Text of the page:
Mumbai, Nov. 13: On the edge of its seat all day in anticipation of action in the stamp paper scam, as night fell Mumbai was clueless if it had a police commissioner or not with the government keeping its lips sealed.
On a day of tense speculation, first there was the hum of rumour that police chief Ranjit Singh Sharma had offered to go on leave. Sources later said a face-saving formula had been worked out under which Sharma, who has only about a fortnight of service left before retirement, would shift to the home guards wing.
The police commissioner shuttled between the homes of chief minister Sushil Kumar Shinde and deputy chief minister Chhagan Bhujbal after investigators probing the Rs 3,000-crore scam submitted a report to the high court yesterday. The court urged Shinde to take action on the basis of the report that is believed to have held Sharma guilty on nine counts of omission and commission.
As a fog of confusion clothed the home and police departments and even the chief minister’s office, where conversations took place in conspiratorial tones, sources close to Bhujbal owned up to the idea of sending Sharma on leave, only to say later that the proposal had “not really” been considered.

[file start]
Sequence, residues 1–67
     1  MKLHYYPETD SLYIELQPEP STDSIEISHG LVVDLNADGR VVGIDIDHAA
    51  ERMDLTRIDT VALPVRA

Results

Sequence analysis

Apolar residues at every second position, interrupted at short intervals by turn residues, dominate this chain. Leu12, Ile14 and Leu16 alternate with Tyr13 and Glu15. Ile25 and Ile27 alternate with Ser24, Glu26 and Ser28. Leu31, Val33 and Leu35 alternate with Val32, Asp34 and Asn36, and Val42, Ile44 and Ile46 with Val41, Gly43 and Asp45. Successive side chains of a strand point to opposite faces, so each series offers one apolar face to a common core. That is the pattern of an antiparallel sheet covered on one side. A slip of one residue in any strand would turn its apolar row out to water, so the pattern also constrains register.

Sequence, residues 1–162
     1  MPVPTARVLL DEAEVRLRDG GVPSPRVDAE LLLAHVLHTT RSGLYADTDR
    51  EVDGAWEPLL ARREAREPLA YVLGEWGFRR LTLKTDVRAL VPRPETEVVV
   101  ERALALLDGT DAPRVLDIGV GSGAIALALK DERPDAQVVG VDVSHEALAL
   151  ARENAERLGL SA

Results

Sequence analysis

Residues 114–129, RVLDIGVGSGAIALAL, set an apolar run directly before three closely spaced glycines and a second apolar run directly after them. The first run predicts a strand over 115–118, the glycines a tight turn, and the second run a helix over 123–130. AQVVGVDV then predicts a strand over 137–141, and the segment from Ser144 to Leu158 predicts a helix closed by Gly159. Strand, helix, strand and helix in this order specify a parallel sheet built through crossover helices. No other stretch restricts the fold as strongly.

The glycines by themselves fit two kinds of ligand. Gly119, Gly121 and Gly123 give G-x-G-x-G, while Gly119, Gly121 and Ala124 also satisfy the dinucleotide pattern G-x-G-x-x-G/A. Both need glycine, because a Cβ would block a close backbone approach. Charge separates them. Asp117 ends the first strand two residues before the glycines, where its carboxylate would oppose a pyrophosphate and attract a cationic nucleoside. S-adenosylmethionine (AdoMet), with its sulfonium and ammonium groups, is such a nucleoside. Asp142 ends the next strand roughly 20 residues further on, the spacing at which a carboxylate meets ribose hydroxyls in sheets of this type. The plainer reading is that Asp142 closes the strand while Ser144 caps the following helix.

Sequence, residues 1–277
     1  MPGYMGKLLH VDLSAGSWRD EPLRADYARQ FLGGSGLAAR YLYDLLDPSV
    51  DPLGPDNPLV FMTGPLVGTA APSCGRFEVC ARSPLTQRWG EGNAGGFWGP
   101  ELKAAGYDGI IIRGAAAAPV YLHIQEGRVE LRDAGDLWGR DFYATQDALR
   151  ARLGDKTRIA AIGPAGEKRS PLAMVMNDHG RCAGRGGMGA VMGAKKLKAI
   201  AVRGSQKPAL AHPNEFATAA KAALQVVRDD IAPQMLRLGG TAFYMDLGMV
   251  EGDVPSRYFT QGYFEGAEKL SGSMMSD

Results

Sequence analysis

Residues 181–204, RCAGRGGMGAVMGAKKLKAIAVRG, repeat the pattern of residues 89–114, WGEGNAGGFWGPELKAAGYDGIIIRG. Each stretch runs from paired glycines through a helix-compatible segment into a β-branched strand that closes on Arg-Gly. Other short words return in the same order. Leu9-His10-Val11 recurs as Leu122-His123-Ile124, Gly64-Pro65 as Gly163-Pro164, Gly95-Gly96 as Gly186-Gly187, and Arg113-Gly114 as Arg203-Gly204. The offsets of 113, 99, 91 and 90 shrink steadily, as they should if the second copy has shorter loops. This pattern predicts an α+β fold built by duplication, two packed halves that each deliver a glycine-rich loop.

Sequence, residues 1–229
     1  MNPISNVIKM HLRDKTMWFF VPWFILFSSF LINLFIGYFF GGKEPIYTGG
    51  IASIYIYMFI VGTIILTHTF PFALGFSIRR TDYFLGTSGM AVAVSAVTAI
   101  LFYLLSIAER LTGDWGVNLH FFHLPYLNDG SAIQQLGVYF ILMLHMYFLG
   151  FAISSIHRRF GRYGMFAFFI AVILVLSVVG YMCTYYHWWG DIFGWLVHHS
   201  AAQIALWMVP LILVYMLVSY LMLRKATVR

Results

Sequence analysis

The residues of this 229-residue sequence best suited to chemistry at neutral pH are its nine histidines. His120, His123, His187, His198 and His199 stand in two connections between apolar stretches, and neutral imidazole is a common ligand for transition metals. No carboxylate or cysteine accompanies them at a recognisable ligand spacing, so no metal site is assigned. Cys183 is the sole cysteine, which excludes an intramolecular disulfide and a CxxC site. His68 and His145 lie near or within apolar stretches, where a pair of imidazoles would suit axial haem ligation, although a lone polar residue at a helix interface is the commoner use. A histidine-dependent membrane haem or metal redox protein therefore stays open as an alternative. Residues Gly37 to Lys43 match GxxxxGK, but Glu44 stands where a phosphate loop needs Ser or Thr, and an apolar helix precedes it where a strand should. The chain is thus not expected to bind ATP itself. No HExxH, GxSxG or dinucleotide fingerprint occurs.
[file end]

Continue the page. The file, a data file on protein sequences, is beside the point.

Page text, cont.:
Cosy in his office at 6.30 pm, Sharma denied he had offered to go on leave.
Shinde said: “I have received the (investigation) report but haven’t gone through it…. Any action, if necessary, will be initiated only after I go through the report.”
Bhujbal, whose resignation the Opposition has sought, admitted there were “a few lapses in the police department” — 11 officers have been arrested so far — and promised that “truth will prevail”.
A group of former Mumbai police chiefs known for their integrity — Ronnie Mendonca, Julio Ribeiro and D.S. Soman — and a crusader-bureaucrat, B.G. Deshmukh, met Shinde and pressed him to take “urgent and definite” action. An additional commissioner is among the 11 arrested.
The former police chiefs have been vocal about the apparent corruption in the department and some have called for a CBI inquiry. Soman said the government’s reticence about a CBI inquiry surprised him. “No police officer can involve himself in a scam of such expanse if they don’t have the blessings of top politicians.”
A top official also appeared before the team probing the scam. Ashok Basak, the chief of the state electricity board and a former additional home secretary, is the first bureaucrat to be summoned over the scandal.
Tentacles of the scam were discovered in Delhi with the arrest of Sushant Kumar Dass and Lalit Patodi on the charge of helping key accused Abdul Karim Telgi by providing premises and opening bank accounts.